To The Editor:Questions about the Cleveland Daily Banner article on front page of the Tuesday, Feb. 27, 2018, edition: "Annexation, bacon take city stage."Why would, or should, the community be …
To The Editor:
Questions about the Cleveland Daily Banner article on front page of the Tuesday, Feb. 27, 2018, edition: "Annexation, bacon take city stage."
Why would, or should, the community be celebrating bacon, a known carcinogen?
The World Health Organization has classified processed meat and/or bacon as a Group 1 carcinogen to humans. Tobacco smoking and asbestos are also both classified as carcinogenic to humans (Group 1). This category is used when there is sufficient evidence of carcinogenicity in humans.
In other words, there is convincing evidence that the agent causes cancer. The evaluation is usually based on epidemiological studies showing the development of cancer in exposed humans.
Why celebrate bacon with a kids' section and vendor area when Tennessee is rated No. 5 in childhood obesity?
Tennessee consistently ranks as one of the states with the highest rate of childhood obesity: 38.5 percent of Tennessee students are overweight or obese. Experts blame a society that continues to push junk food despite the overwhelming evidence about its dangers, and the lack of access to exercise.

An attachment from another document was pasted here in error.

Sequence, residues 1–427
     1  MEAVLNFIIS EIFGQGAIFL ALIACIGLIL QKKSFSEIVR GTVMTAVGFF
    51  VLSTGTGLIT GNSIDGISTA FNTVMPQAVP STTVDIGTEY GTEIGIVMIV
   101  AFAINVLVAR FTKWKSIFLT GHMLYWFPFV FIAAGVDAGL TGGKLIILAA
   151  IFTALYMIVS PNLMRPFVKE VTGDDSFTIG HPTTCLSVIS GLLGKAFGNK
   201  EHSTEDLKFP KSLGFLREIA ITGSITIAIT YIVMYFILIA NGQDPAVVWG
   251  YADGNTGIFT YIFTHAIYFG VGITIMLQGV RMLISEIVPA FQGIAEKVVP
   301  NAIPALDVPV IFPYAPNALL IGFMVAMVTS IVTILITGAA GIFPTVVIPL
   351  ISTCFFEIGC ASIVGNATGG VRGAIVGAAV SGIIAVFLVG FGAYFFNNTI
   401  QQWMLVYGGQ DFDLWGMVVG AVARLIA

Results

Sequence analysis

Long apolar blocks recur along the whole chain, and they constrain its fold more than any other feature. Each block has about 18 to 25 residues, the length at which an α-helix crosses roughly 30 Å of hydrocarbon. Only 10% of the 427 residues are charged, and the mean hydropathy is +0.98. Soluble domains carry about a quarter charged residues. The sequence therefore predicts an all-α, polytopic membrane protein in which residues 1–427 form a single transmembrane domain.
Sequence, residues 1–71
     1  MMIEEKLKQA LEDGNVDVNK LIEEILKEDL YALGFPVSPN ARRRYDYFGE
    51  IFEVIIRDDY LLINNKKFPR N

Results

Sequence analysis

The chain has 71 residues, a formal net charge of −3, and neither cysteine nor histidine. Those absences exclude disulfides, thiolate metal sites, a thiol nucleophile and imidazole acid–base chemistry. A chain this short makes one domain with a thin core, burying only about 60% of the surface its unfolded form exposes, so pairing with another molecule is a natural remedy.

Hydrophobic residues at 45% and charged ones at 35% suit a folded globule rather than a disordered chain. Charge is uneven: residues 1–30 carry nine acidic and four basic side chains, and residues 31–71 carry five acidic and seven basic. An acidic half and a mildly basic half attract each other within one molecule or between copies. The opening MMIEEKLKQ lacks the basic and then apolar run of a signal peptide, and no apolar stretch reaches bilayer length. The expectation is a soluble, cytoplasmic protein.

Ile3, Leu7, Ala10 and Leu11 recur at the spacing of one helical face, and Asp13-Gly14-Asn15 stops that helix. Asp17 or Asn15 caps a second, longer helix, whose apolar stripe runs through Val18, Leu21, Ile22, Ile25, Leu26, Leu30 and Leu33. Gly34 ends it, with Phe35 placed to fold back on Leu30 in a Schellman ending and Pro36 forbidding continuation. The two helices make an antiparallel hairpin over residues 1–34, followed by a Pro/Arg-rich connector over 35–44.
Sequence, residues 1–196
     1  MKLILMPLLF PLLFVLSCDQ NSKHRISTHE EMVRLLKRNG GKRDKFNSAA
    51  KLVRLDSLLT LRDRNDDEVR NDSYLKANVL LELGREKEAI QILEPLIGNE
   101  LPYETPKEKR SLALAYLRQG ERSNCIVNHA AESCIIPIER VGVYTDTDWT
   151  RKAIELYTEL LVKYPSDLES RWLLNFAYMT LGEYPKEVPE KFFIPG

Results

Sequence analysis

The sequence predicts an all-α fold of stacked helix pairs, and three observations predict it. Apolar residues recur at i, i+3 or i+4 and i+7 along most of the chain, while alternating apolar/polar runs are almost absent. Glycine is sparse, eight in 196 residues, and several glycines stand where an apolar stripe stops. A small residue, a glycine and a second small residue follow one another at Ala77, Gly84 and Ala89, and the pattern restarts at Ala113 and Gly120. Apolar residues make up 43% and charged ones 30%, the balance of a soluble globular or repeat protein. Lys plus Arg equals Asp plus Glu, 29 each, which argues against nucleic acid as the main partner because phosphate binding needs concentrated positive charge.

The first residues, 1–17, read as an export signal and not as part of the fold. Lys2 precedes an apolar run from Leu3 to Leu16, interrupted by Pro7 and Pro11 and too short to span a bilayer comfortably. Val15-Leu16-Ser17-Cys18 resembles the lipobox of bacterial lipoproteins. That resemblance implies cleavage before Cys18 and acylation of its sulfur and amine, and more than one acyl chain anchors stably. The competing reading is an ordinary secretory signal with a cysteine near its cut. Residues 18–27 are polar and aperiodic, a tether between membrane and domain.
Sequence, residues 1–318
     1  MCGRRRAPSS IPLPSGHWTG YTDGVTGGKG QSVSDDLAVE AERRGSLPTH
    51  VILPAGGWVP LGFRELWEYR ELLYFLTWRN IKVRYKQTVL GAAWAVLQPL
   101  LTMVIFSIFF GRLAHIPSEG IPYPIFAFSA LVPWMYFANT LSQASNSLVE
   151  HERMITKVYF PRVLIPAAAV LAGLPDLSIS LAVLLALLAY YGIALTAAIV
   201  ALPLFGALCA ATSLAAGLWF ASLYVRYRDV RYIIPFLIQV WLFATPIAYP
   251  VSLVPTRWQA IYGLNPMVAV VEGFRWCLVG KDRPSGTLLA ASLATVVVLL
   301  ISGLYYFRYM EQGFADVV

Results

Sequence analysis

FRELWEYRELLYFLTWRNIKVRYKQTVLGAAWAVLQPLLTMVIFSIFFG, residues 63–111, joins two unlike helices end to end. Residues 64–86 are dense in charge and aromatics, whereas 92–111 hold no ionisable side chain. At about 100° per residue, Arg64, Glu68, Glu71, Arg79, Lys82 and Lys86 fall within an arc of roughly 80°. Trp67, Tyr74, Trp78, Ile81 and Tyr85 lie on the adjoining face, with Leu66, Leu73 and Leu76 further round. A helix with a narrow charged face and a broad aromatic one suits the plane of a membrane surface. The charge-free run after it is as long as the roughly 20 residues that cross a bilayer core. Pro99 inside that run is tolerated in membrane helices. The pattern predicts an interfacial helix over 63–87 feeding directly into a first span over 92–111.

More than 40 percent of those between 16 and 19 years old are obese, teams at Duke University, Wake Forest University and others found. But worse, 26 percent of 2- to 5-year-olds are overweight, and more than 15 percent are obese, as reported in the journal Pediatrics.
Why would the community need "over 100 vendors ... and endless choices of bacon dishes," when Tennessee has the sixth-highest adult obesity rate in the nation?
This is according to "The State of Obesity: Better Policies for a Healthier America," which was released in August 2017. Tennessee's adult obesity rate is currently 34.8 percent, up from 20.9 percent in 2000, and from 11.1 percent in 1990.
The excuses of "always done it" and "it's a tradition," are not really valid. [Remember the tradition] that women could not vote? Everything in moderation is good ... [but it would seem] 34.8 percent of adults and 38.5 percent of children are struggling with moderation.
The community needs to rethink its options for better health and a better quality of life, instead of a large quantity of unhealthy eating of a known carcinogen to humans.
— W. Brooks
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